Less than a half-hour before its scheduled match against Pacifica on Tuesday, the only communication the Camarillo High boys’ volleyball team had received from head coach Rob Vandermay was via a text.
Vandermay, recovering from sinus surgery and a subsequent serious infection over spring break, had attempted to teach his math class at school earlier that morning. He made it about halfway before feeling unwell and having to return home.
The players received a text from Vandermay saying he would be at the match, although the Scorpions weren’t sure he was going to be able to coach.
It’s been that kind of season for Camarillo. A bad back here, a twisted ankle there, and it seems the Scorpions just can’t get everyone on the same page. Not even the coach has been immune.
“We’ve only had like five practices all season with the entire squad on the court,” Vandermay said.
It’s certainly not the situation Vandermay and the Scorpions wanted as they march toward a showdown with rival Rio Mesa on Tues., May 6 in both teams’ regular-season finale.
Camarillo has won three consecutive outright titles, a Pacific View League record. The Scorpions can win an unprecedented fourth straight title, but they’ll probably have to share it with rival Rio Mesa.
The Spartans rallied from a 2-1 deficit to beat Camarillo in an epic five-game match April 10. That means the best the Scorpions can do is leave the Pacific View League as co-champs if they get by spoiler Oxnard on Tuesday and win at Rio Mesa.
It seems fitting that the Pacific View championship will come down to Camarillo and Rio Mesa for the fifth season in a row. The match takes on even more signifi- cance considering this is Camarillo’s last season in the PVL. The Scorpions are scheduled to leave the league and begin next school year in the newly created Camino League, which will include Moorpark, Royal, Simi Valley and Oak Park for all sports except football.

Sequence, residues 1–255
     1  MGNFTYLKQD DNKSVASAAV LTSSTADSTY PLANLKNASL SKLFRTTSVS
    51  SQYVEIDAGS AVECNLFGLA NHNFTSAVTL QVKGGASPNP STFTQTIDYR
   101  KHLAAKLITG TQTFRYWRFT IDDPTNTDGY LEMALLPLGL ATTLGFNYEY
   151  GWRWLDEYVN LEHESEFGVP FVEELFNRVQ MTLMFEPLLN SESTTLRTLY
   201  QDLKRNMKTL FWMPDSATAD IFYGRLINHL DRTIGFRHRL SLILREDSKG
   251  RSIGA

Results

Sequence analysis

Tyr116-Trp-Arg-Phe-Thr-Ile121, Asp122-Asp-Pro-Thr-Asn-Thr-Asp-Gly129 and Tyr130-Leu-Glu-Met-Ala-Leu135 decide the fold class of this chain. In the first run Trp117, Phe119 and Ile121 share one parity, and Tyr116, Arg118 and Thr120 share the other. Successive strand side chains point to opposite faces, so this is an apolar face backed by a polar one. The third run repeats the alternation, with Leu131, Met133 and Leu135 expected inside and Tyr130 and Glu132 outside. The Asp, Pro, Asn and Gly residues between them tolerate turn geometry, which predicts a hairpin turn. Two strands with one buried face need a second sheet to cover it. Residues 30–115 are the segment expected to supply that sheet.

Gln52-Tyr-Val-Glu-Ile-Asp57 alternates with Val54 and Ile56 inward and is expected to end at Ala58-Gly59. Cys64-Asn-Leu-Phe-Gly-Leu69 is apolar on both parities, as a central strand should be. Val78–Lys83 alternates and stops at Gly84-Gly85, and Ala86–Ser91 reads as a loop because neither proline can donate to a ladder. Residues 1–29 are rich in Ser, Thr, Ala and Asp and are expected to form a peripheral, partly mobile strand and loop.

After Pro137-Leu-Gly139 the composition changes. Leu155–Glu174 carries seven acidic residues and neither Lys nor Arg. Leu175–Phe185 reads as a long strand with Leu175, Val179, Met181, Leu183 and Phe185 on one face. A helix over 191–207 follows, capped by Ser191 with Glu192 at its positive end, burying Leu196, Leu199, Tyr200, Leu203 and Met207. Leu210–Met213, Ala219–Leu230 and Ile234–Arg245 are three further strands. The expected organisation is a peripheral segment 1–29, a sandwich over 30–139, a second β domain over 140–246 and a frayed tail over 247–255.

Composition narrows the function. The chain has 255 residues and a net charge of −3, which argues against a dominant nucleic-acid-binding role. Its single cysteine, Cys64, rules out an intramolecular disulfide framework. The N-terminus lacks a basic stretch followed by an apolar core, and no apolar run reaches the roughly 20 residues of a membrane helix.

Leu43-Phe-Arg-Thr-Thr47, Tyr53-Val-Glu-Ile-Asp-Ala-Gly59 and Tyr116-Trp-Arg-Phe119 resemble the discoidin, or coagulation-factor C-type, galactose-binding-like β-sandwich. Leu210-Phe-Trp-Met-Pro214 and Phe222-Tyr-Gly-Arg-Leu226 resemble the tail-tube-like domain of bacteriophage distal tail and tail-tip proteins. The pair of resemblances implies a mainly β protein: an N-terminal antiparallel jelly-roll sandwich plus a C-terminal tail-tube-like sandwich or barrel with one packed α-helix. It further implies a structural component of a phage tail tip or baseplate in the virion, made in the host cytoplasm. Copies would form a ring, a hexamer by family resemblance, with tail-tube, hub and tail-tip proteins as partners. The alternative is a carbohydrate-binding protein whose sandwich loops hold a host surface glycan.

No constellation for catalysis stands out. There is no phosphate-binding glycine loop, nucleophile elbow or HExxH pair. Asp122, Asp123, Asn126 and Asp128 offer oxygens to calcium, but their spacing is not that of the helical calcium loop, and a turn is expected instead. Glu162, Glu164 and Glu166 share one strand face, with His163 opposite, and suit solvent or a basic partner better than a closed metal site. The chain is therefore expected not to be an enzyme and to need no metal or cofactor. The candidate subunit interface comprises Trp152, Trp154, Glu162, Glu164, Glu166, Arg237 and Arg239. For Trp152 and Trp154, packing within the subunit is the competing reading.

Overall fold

Before that happens, however, the Scorpions have business to take care of in their current league.
The most troubling injury this season has been the bulging disk setter Ethan Tendler has suffered all season. Tendler, who also plays on the junior varsity basketball team, has missed several matches and practices.
Camarillo runs a 6-2, or two setter, offense. Having two quality setters is a nice problem to have since most programs are lucky to have one.
Unfortunately for the Scorpions, the other setter, junior Matt Yoshimoto, is also the team’s best offensive player and blocker. When Tendler isn’t on the floor to feed Yoshimoto, the offense takes a hit because Yoshimoto needs to set, which takes him out of the offense as a hitter. It’s kind of like if your starting quarterback is also your go-to wide receiver.
Tendler said he’s still recovering and is 85 to 90 percent healthy.
“I should be ready for CIF (playoffs),” he said.
Tendler said his absences have been tough for the team’s offense.
Yoshimoto, the third and last in a string of three brothers to star for Camarillo, was succinct in its impact.
“It stinks,” he said.
Tendler said he expects to be on the court on May 6 against Rio Mesa. He sat out to rest before playing in the first meeting with the Spartans, a match Vandermay said was the best of Tendler’s career.
“Other than the losing, that was why you play sports, for those kinds of matches,” Tendler said.
Tendler would like to see the results reversed in the rematch.
“We want to end on a good note,” he said. “I think we’re going to do it.”